|OFN Understand Artifact|
|Facebook, LinkedIn||IBM Connects Presentation|
|IBM Connections||Taxonomy of capabilities|
|Ratings, Reviews, Forums||Ontology of capabilities|
|W3C White Paper on Social Business|
|Decide Phase Artifacts|
|Taxonomy of capabilities||Value Proposition|
|Ontology of capabilities||Use Case Confirmation|
The Decide phase is intended to determine if the organization should move forward as well as create the necessary artifacts for the next phase. This phase should not take a large amount of time. It can be viewed as a transition phase where the basic building blocks are agreed upon and put into place for the align phase. Where the understand phase is more about researching reoccurring types of activities, the decide phase is about leveraging the research to make a determination on moving forward. The value proposition or the businesses benefit is identified in support of the use case which aligns with the social business strategy. OFN observes that community based capabilities like forums, ratings, reviews and status updates can provide the value needed to help with the on-boarding process. Since there is agreement to move forward OFN creates a governance structure to support social business activities and is responsible for the creation of a social business strategy. Since the decide phase is a transition phase the basic formats for both the strategy and the governance structure are established. OFN decides to appoint the Senior Vice President of HR to be the executive sponsor of the social business initiative and chair the governance board, while the director of IT services and the director of corporate communication are responsible for developing the social business strategy.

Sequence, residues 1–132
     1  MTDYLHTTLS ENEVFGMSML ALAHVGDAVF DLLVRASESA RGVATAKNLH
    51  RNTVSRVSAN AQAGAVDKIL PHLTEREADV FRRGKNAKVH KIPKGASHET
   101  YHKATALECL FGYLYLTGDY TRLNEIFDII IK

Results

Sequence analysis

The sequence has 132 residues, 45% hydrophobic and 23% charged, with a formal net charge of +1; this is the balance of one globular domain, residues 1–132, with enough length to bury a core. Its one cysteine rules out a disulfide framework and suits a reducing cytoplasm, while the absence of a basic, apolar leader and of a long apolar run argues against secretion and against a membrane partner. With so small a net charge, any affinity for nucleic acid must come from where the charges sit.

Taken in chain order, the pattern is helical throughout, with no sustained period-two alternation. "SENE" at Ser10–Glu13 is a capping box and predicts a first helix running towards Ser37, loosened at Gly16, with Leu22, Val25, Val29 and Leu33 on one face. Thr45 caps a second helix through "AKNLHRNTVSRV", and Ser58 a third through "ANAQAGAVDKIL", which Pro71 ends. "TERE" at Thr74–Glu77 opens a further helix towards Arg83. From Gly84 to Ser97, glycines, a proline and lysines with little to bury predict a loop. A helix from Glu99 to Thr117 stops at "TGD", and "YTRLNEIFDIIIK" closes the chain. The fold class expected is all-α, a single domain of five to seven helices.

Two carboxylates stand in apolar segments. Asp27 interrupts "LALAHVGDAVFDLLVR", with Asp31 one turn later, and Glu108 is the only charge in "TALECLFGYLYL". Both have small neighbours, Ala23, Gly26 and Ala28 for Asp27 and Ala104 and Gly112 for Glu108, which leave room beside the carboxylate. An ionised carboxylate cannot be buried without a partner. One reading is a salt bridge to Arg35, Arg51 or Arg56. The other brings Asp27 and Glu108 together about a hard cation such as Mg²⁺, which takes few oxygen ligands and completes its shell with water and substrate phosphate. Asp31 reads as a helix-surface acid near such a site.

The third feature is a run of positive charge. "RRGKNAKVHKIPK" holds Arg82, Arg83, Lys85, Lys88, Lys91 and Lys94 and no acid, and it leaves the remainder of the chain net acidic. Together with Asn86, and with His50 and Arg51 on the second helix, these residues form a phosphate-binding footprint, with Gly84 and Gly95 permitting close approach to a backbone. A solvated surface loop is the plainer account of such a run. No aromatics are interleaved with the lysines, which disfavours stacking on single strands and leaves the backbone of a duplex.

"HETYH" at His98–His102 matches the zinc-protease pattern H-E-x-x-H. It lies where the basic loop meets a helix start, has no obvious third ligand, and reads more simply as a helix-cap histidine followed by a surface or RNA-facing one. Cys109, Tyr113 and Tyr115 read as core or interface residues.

|OFN Decide Phase Artifacts|
|IBM Connections Presentation||OFN Governance Board for Social Business|